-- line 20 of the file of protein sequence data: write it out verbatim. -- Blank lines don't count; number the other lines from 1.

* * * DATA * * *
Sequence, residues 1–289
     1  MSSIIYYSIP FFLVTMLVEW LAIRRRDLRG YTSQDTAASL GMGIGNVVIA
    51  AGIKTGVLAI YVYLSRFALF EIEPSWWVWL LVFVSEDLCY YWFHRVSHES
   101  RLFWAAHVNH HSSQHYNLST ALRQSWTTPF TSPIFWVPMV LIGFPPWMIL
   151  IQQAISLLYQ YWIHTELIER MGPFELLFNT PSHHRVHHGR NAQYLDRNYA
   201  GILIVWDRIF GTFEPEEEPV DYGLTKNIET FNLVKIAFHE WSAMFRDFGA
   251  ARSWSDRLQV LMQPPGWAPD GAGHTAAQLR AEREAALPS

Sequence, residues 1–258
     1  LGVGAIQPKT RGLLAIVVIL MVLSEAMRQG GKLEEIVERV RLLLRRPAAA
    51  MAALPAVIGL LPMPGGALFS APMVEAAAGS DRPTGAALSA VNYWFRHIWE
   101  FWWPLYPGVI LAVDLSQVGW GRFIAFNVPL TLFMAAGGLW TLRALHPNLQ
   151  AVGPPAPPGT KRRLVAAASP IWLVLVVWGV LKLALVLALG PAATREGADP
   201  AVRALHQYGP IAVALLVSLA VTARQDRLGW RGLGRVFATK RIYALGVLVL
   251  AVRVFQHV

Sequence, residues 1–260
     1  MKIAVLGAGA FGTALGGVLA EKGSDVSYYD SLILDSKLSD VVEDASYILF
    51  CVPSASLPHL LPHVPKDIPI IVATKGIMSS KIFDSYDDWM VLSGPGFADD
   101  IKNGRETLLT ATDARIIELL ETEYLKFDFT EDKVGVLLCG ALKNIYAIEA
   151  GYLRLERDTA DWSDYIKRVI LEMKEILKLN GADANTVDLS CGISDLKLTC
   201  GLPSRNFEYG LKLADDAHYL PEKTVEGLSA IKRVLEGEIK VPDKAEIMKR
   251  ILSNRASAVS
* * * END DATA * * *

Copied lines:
   201  GLPSRNFEYG LKLADDAHYL PEKTVEGLSA IKRVLEGEIK VPDKAEIMKR